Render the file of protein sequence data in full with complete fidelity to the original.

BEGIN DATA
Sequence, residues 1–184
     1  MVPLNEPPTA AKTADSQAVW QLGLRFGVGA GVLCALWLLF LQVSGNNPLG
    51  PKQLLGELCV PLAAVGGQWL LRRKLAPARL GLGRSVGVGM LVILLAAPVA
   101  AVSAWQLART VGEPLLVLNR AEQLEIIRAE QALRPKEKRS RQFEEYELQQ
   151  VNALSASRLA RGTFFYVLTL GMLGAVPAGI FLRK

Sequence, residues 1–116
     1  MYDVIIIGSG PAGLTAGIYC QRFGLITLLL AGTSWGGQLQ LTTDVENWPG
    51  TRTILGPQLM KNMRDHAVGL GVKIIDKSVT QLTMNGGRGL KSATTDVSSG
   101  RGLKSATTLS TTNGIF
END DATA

Sequence, residues 1–184
     1  MVPLNEPPTA AKTADSQAVW QLGLRFGVGA GVLCALWLLF LQVSGNNPLG
    51  PKQLLGELCV PLAAVGGQWL LRRKLAPARL GLGRSVGVGM LVILLAAPVA
   101  AVSAWQLART VGEPLLVLNR AEQLEIIRAE QALRPKEKRS RQFEEYELQQ
   151  VNALSASRLA RGTFFYVLTL GMLGAVPAGI FLRK

Sequence, residues 1–116
     1  MYDVIIIGSG PAGLTAGIYC QRFGLITLLL AGTSWGGQLQ LTTDVENWPG
    51  TRTILGPQLM KNMRDHAVGL GVKIIDKSVT QLTMNGGRGL KSATTDVSSG
   101  RGLKSATTLS TTNGIF